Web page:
Despite the all-new 2018 Hyundai Kona going up against compact crossovers such as Subaru Crosstrek, Jeep Renegade and Mazda CX-3, Hyundai would have us think of it as a new category of crossover. Hyundai is calling this segment "small crossovers."
Slotting into the brand’s lineup below the Tucson (the Kona is about a foot shorter), other named competitors include the Toyota C-HR, Honda HR-V, Chevrolet Trax and the yet-to-be-released Nissan Kicks. It is shorter than all the above-mentioned players; significantly shorter than the C-HR and Crosstrek. Because its wheelbase is in the middle of the segment mix, the Kona’s passenger space is competitive in this segment. And, it has more cargo room behind the second-row seat than most named competitors.
The first thing that struck us about this crossover is its head-turning styling. It has a swoosh of LED daytime driving lights high up on the front of the fenders. Flanking the Hyundai familial cascading grille at the outer limits of the nose are large headlights. Think the 2019 Jeep Cherokee. Beefy styling elements provide the core of what Hyundai designers call "urban smart armor." The Kona’s lines stand out even when compared with the C-HR, Renegade and Crosstrek.
Many automotive pundits have speculated that Hyundai’s sales struggles of late can be attributed to its lack of depth in trucks, SUVs and crossovers. If so, the Kona could go a long way in igniting some real excitement in the showroom.
What’s New for 2018?
The 2018 Hyundai Kona is an all-new vehicle.
What We Like
Standout styling, entry-level trim has 7-inch touchscreen, available Blue Link with Alexa capability, available 1.6-liter turbo and available AWD
What We Don’t
Uncomfortably low, fixed front-passenger seat and driver-assist/safety technology not available on entry-level trim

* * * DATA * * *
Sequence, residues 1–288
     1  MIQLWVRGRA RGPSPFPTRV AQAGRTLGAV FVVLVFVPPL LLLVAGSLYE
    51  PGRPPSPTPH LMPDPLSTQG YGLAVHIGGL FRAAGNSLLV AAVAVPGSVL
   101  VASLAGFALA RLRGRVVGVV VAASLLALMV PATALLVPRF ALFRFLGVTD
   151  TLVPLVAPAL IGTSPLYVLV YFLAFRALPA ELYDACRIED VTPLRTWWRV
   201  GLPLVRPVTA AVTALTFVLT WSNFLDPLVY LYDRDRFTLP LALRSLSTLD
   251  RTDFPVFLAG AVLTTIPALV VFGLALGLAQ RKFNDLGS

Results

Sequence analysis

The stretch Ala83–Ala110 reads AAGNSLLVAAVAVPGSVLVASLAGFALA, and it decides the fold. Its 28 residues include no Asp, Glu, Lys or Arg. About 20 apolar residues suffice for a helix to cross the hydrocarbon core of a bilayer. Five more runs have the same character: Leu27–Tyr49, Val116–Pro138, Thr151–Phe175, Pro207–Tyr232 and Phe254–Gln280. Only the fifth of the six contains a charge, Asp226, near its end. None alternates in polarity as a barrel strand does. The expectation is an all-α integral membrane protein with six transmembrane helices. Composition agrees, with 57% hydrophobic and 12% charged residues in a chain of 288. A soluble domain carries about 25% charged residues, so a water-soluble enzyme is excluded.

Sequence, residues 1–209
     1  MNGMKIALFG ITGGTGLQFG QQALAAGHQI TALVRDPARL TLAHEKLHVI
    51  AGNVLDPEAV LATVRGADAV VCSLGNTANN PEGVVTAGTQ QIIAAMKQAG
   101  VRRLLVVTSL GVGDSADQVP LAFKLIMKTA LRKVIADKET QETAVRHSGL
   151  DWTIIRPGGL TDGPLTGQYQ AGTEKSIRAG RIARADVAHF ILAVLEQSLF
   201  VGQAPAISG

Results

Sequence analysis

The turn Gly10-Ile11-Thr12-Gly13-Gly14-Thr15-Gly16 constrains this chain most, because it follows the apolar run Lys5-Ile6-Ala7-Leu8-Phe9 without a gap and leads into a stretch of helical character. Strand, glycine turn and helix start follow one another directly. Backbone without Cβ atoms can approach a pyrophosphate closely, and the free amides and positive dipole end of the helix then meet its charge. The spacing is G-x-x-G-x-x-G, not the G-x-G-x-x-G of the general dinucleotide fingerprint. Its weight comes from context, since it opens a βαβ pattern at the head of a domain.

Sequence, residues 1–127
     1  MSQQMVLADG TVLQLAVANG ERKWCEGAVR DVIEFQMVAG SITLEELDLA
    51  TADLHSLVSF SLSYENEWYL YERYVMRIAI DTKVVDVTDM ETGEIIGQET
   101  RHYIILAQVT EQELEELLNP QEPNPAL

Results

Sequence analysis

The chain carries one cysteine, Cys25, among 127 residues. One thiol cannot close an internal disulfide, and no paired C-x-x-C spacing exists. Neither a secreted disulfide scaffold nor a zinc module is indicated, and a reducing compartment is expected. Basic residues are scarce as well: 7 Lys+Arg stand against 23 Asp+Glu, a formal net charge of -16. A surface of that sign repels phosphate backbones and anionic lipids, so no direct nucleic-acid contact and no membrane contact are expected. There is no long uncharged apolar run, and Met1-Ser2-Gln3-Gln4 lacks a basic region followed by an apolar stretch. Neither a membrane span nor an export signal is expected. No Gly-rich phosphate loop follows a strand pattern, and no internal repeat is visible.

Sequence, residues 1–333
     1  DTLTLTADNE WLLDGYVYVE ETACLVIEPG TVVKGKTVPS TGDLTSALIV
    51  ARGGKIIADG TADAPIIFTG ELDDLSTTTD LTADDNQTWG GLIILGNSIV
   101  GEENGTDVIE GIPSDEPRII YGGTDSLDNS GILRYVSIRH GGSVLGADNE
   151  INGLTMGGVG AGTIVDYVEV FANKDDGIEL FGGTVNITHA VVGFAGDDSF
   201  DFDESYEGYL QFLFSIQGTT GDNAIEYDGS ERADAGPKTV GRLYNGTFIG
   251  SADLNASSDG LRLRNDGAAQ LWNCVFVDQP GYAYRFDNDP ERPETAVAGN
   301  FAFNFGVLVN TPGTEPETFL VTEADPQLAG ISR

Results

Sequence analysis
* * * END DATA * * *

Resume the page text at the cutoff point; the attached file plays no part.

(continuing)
Although a fully electric Kona will go on sale in the fall of this year, two gasoline-fueled engines, in the meantime, will provide the propulsion. The two lower grades use a 147-horsepower 2.0-liter Atkinson Cycle 4-cylinder engine mated with a 6-speed automatic transmission. The two upper trims qualify for the 175-hp 1.6-liter turbocharged 4-cylinder engine borrowed from the redesigned Tucson and married to a 7-speed dual-clutch automatic transmission. According to government measurements, both engines deliver 30 miles per gallon in combined city and highway driving. The 2.0-liter does it with 27 mpg in the city and 33 mpg on the highway. The 1.6-liter, however, achieves it with 28 mpg city/32 mpg hwy.
We have only driven the top-end grade with the 1.6-liter/7-speed setup. Working well with the 7-speed, it has plenty of get-up-and-go.
Standard Features & Options
The SE ($20,450) comes fairly well equipped with a 2.0-liter engine, 6-speed automatic transmission, 16-in alloy wheels, a backup camera, hill-start assist, 7 airbags, power windows, power door locks, power outboard mirrors, remote keyless entry, LED headlights with auto on/off, LED daytime running lights, air conditioning, a tilt-telescopic steering wheel, Bluetooth connectivity, a USB port, driver’s-seat height adjustment, 6-way driver’s-seat adjustment, 60/40-split fold-down rear seat, a 7-in touchscreen, an audio system with satellite radio capability/Apple CarPlay/Android Auto, cargo cover and dual-level cargo floor. Optional on all grades is AWD.
The SEL ($22,100) beefs up the SE content with 17-in alloy wheels, blind spot monitoring, rear cross-traffic alert, lane-change assist, keyless entry, heated outboard mirrors with turn-signal indicators, leather-wrapped steering wheel/shift knob and heated front seats. Options include Hyundai Smart Sense suite of driver-assist/safety technology except high-beam assist, power sunroof and 8-way power-adjustable driver’s seat.